Open Access Dissertation
Date of Award
Emerging adulthood is a complex, multifaceted, unique and systems-oriented developmental period whereby individuals encounter a wide range of factors, each of which influence their subsequent adulthood outcomes (i.e., adaptive and maladaptive pathways). Given the importance of studying psychological adjustment and different types of loneliness in emerging adulthood, the purpose of the present study was to assess depressive symptomatology and family, social, and romantic loneliness in emerging adulthood. Specifically, the present study examined the impact of PARTheory (i.e., early relationship context), current attachment experiences in close relationships (i.e., current relationship context) and sense of mattering to family and friends (sense of awareness, sense of importance, and sense of reliance) on emerging adults' overall reports of family, social, and romantic loneliness and depressive symptomatology. In addition, this study explored whether coping styles (i.e., behavioral and cognitive context) and psychological adjustment (i.e., personality context) mediated the role between early family and current attachment relationship experiences and the emerging adults' reports of family, social, and romantic loneliness.
Emerging adults (N = 440) from Wayne State University were assessed using the Adult Parental Acceptance Rejection Questionnaire, Short Form (PARQ), Experiences in Close Relationships Scale Revised (ECR-R), Social and Emotional Loneliness Scale for Adults - Short Form (SELSA-S), Interpersonal Mattering Scale (IMS), Adult Personality Assessment Questionnaire (PAQ), Center for Epidemiologic Studies Depression Scale (CES-D Scale), and Brief Coping Orientations to Problems Experienced Scale (Brief-COPE), along with several demographic variables (e.g., age, gender, grade level, employment status, marital status, social networking rating, group involvement rating, etc.).
Hierarchical multiple regression analyses revealed that family loneliness was best predicted by total father acceptance and rejection, sense of awareness to family, sense of importance to family, psychological adjustment, and use of behavioral disengagement. Social loneliness was best predicted by sense of awareness to friends, sense of importance to friends, psychological adjustment, use of instrumental support, and use of behavioral disengagement. Romantic loneliness was found to be influenced by attachment security, psychological adjustment, and use of emotional support. Depressive symptomatology was best predicted by gender, total father acceptance and rejection, attachment security, sense of awareness to family, psychological adjustment, and use of self-blame. In addition, results from the mediation analyses indicated that psychological adjustment mediated the relation between maternal acceptance and social loneliness, whereas psychological adjustment mediated the relation between paternal acceptance and social loneliness and between paternal acceptance and family loneliness. Use of instrumental support was found to mediate the relation between attachment security and family loneliness and between attachment security and social loneliness. Use of self-blame was also found to mediate the relation between attachment security and family loneliness and between attachment security and social loneliness.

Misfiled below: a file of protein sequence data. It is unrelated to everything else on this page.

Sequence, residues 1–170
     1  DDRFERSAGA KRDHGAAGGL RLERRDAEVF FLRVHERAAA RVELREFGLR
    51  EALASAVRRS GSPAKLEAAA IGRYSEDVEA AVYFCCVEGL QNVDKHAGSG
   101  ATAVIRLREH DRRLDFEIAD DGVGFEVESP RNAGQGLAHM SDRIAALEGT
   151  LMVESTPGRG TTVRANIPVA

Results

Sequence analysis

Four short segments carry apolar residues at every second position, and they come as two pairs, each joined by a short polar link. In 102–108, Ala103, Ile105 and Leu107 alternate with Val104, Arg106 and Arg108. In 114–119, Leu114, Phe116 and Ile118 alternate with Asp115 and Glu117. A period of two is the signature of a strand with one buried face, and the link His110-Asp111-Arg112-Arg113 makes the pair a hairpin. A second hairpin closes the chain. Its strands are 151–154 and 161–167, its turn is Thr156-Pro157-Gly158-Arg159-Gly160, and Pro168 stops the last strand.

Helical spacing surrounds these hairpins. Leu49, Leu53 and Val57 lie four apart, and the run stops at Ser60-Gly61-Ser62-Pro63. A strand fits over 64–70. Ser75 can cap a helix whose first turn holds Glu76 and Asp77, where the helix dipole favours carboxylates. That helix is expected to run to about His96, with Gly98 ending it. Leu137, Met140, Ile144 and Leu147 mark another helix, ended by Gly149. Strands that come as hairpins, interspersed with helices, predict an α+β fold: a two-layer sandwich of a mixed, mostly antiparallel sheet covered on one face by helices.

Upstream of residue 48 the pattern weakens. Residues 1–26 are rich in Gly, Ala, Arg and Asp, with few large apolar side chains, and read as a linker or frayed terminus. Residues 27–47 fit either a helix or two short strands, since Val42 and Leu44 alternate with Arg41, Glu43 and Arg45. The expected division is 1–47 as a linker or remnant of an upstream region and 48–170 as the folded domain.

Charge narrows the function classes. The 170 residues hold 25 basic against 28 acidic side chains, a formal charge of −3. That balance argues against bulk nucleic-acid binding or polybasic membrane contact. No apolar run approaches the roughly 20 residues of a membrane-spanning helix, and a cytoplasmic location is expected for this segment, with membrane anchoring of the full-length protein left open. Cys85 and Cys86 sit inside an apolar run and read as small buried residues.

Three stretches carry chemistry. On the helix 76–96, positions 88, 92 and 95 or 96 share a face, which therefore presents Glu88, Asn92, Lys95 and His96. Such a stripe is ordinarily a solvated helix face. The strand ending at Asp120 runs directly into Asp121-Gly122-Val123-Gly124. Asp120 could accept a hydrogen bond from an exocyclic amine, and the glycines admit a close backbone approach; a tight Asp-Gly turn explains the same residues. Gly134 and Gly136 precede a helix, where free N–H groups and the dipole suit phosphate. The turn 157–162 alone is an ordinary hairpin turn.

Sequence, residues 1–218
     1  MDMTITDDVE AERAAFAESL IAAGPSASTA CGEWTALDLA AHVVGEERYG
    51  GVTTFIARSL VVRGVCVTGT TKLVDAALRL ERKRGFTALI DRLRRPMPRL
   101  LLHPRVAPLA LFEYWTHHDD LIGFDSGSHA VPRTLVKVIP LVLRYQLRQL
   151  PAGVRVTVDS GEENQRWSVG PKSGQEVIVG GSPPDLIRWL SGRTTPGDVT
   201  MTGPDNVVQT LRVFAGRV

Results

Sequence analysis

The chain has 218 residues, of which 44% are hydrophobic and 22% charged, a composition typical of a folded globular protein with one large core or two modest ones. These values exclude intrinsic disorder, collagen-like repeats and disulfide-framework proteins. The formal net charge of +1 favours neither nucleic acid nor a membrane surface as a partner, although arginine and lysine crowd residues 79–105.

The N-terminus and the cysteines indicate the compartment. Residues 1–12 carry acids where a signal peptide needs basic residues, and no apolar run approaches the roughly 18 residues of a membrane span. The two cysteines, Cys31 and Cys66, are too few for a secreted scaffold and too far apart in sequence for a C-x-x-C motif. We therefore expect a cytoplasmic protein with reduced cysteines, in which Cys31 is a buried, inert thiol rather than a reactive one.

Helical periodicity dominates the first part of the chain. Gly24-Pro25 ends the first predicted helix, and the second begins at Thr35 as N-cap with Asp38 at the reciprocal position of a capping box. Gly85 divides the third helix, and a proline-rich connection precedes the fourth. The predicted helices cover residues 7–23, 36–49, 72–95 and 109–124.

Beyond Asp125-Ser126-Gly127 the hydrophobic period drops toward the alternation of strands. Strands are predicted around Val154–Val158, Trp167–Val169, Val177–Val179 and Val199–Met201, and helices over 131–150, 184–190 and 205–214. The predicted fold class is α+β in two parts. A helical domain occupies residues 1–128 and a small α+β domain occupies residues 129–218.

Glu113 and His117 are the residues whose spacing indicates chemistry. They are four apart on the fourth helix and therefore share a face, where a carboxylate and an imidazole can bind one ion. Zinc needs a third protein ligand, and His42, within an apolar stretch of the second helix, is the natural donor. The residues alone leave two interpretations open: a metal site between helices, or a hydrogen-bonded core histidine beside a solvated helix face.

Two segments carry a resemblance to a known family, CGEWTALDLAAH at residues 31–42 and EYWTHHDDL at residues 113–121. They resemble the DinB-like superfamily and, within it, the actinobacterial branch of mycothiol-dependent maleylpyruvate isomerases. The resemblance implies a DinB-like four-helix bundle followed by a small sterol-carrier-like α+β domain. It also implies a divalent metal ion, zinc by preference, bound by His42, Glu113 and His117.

With result to attachment styles within emerging adulthood, results from the correlational and ANOVA analyses revealed that emerging adults with secure attachment styles reported a higher sense of mattering to family and friends and lower levels of depressive symptomatology, family loneliness, social loneliness, and romantic loneliness. In addition, security of attachment resulted in higher levels of use of instrumental support and use of emotional support and lower levels of behavioral disengagement, use of self-blame and use of self-distraction when coping within one's current relationships. With respect to gender, results from the correlational and ANOVA analyses revealed that females reported a greater sense of importance and reliance to family, a greater sense of reliance to friends, and higher levels of depressive symptomatology, family loneliness, and social loneliness whereas males reported higher levels of romantic loneliness. In addition, females reported higher levels of use of emotional support, use of instrumental support, and use of self-distraction. Finally, emerging adults who reported spending more time on social networking systems also reported higher levels of social loneliness whereas those who reported being highly involved in various groups reported lower levels of family loneliness. The results are discussed in light of past research and the implications for clinical work and future research.
Bernardon, Stephanie, "An examination of relationship experiences in relation to loneliness and depressive symptomatology in emerging adulthood" (2012). Wayne State University Dissertations. 564.